My, I’m-not-making-this-stuff-up addenda (also appended to yesterday’s post).
Just had an interesting email exchange with Samuel Andreyev. Encouraged me to fetch some links that, I think, lend credence to my hypothesis—not yet a theory I guess. A really fascinating and recent study, The Inherent Gender of Names, finds for instance that there’s a universal predilection, across languages and cultures, for differentiating between male and female names by sound. The link above is to a Scientific American Article discussing the study.
So, one could postulate, based on that, that there are musical themes, instrumentations, or chord progression that might feel more masculine or feminine. Did you know that in 70 percent of languages, questions are asked with a rising intonation? The question is why. Is there some neurological basis? Evolutionary? Is it simply linguistic? The preceding link tries to answer that. You can find further information on this question and further studies at Wikipedia.
Another paper from the Canadian Center of Science and Education closes with the following paragraph:
“The universality of emotional colours appears in general intonation characteristics of positive and negative emotions. Positive emotions are, as a rule, characterized by the higher tone registers unlike the negative ones, which have the lower tone level. Those words, which bear emotional load, are pronounced with the higher melodic melodic tone.”
So, again, I think one begins to perceive the fundamentals of our capacity for music in these studies—from what it arises and the mechanics of how it affects the human brain. My assertion that musical genius (among other heightened traits) is characterized by its use of musical intervals (harmony) to abstract the sense of sound that characterizes all human languages, finds some evidence in a study found at the Proceedings of the National Academy of Sciences of the United States of America, entitled Musical Intervals of Speech. The abstract includes the following:
“Throughout history and across cultures, humans have created music using pitch intervals that divide octaves into the 12 tones of the chromatic scale. Why these specific intervals in music are preferred, however, is not known. In the present study, we analyzed a database of individually spoken English vowel phones to examine the hypothesis that musical intervals arise from the relationships of the formants in speech spectra that determine the perceptions of distinct vowels. Expressed as ratios, the frequency relationships of the first two formants in vowel phones represent all 12 intervals of the chromatic scale. Were the formants to fall outside the ranges found in the human voice, their relationships would generate either a less complete or a more dilute representation of these specific intervals. These results imply that human preference for the intervals of the chromatic scale arises from experience with the way speech formants modulate laryngeal harmonics to create different phonemes.”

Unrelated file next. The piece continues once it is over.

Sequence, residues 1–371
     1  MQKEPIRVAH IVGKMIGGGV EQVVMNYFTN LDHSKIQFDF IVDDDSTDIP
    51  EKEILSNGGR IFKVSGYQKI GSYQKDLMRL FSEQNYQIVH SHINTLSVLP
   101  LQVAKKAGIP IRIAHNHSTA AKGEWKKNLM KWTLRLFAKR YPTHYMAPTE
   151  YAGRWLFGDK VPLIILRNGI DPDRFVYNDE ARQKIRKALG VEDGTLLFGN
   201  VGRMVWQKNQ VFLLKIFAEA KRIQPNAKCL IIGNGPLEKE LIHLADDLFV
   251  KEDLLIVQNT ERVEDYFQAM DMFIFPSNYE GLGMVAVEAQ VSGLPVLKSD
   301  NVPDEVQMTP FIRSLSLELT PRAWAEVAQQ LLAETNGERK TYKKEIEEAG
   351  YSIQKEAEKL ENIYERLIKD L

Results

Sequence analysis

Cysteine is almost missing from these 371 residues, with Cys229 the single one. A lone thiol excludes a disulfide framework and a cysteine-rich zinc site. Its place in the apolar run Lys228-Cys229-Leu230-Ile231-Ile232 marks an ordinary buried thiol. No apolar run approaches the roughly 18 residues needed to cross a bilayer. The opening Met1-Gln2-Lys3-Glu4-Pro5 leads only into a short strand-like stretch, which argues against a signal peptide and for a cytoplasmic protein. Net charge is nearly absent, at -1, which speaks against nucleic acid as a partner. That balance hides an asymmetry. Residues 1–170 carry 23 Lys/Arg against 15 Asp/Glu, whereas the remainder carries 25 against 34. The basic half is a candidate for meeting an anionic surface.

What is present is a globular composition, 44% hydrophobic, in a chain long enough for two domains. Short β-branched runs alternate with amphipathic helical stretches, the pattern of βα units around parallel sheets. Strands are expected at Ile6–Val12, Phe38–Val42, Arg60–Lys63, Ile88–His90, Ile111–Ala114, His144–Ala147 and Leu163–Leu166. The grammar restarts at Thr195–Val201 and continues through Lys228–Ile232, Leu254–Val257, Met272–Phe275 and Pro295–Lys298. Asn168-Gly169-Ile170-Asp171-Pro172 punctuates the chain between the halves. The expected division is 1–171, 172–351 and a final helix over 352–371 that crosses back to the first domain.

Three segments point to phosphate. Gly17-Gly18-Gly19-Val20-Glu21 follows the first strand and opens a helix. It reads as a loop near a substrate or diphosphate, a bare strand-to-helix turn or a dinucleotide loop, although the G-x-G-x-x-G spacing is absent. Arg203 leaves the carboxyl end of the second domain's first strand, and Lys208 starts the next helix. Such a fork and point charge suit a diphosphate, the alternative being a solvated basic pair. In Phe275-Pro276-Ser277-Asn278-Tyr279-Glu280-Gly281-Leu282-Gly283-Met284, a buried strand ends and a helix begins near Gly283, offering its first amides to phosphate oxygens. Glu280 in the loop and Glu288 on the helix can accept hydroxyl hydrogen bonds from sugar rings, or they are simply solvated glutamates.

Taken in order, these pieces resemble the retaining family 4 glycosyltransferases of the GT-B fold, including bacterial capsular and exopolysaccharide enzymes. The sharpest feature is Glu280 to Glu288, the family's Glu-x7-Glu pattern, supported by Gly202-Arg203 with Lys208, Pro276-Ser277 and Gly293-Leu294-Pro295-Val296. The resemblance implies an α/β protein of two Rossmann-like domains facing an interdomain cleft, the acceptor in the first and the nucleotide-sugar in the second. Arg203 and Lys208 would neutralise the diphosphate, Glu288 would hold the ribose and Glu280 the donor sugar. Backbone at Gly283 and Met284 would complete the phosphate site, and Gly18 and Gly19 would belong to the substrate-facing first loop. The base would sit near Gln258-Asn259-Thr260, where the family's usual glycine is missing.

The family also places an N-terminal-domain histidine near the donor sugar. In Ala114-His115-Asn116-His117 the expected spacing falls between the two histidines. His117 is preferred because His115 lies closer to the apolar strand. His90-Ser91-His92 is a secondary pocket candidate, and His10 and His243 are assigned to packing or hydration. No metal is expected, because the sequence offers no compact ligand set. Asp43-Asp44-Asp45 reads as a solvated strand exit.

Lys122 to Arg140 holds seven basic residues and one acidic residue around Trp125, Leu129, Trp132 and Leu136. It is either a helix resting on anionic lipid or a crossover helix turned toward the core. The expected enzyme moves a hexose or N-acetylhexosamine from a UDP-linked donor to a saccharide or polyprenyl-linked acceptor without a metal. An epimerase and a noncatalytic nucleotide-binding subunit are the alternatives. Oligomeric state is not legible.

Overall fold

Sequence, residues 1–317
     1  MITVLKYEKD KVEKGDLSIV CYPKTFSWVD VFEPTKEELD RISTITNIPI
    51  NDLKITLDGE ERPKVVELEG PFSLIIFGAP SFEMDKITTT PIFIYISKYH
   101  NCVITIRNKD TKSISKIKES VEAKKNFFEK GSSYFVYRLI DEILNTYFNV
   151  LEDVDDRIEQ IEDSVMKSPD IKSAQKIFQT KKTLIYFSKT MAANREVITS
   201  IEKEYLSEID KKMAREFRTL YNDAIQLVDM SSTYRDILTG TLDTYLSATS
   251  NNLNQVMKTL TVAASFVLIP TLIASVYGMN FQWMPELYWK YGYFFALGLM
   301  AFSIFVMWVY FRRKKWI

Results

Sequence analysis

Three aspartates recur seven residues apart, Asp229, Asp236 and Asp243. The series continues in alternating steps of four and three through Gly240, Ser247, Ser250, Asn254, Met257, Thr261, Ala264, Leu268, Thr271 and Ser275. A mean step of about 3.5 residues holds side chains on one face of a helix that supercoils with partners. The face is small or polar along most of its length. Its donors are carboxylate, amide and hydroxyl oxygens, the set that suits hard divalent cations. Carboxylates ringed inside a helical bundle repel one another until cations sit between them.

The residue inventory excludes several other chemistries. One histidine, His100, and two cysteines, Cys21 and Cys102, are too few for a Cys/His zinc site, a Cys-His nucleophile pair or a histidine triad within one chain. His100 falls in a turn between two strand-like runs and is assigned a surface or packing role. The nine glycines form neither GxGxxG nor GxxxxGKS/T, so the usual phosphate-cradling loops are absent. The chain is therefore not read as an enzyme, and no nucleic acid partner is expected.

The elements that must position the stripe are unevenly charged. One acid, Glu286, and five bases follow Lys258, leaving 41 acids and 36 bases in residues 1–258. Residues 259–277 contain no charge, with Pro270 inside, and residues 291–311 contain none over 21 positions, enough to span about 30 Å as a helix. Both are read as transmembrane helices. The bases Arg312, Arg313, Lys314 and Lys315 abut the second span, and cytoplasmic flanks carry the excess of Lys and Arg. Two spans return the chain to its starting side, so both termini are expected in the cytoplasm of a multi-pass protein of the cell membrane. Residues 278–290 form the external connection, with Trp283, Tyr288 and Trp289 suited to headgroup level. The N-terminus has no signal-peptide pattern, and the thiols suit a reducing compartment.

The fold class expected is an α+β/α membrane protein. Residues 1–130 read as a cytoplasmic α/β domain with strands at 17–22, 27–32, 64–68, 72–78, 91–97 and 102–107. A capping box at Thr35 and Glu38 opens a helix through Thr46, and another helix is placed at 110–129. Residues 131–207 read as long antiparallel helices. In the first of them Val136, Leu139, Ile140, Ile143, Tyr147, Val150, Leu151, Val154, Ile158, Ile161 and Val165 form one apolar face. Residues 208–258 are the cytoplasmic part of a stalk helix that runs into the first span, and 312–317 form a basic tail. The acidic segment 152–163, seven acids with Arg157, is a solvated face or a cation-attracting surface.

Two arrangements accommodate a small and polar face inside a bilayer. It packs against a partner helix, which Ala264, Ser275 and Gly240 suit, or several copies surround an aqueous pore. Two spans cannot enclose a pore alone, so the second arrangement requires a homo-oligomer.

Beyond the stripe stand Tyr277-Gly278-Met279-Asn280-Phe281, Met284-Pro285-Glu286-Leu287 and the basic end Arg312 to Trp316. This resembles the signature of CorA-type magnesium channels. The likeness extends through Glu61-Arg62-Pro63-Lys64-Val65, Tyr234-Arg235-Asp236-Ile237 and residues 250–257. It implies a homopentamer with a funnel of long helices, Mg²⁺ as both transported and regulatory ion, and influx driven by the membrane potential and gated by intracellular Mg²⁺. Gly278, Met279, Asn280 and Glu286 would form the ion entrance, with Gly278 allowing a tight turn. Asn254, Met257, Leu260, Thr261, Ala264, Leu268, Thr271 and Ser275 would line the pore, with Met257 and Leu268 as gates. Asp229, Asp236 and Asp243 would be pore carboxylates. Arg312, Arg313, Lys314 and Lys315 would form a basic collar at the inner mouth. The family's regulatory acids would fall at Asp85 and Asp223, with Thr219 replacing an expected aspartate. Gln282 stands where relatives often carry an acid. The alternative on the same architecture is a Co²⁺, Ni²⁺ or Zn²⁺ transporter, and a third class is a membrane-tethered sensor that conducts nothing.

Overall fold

The study demonstrates that these intervals are not random but apparently a universal feature of human language which, again, explains why Japanese and Chinese speakers easily comprehend the musical “language” of Bach, Mozart, or Pink Floyd. And that invites the question: If music reflects the ‘intonational’ foundation of all human languages, then can different languages likewise exert an influence on the music of those same cultures. Indeed, apparently, they can and do. An article at NCBI entitled Effects of Culture on Musical Pitch Perception, examines just that question, and the answer is yes:
“The strong association between music and speech has been supported by recent research focusing on musicians’ superior abilities in second language learning and neural encoding of foreign speech sounds. However, evidence for a double association—the influence of linguistic background on music pitch processing and disorders—remains elusive. Because languages differ in their usage of elements (e.g., pitch) that are also essential for music, a unique opportunity for examining such language-to-music associations comes from a cross-cultural (linguistic) comparison of congenital amusia, a neurogenetic disorder affecting the music (pitch and rhythm) processing of about 5% of the Western population. In the present study, two populations (Hong Kong and Canada) were compared. One spoke a tone language in which differences in voice pitch correspond to differences in word meaning (in Hong Kong Cantonese, /si/ means ‘teacher’ and ‘to try’ when spoken in a high and mid pitch pattern, respectively). Using the On-line Identification Test of Congenital Amusia, we found Cantonese speakers as a group tend to show enhanced pitch perception ability compared to speakers of Canadian French and English (non-tone languages).”
And that’s that. That should provide anyone with enough links to further explore this subject on their own.
Monday February 12th 2018 | up in Vermont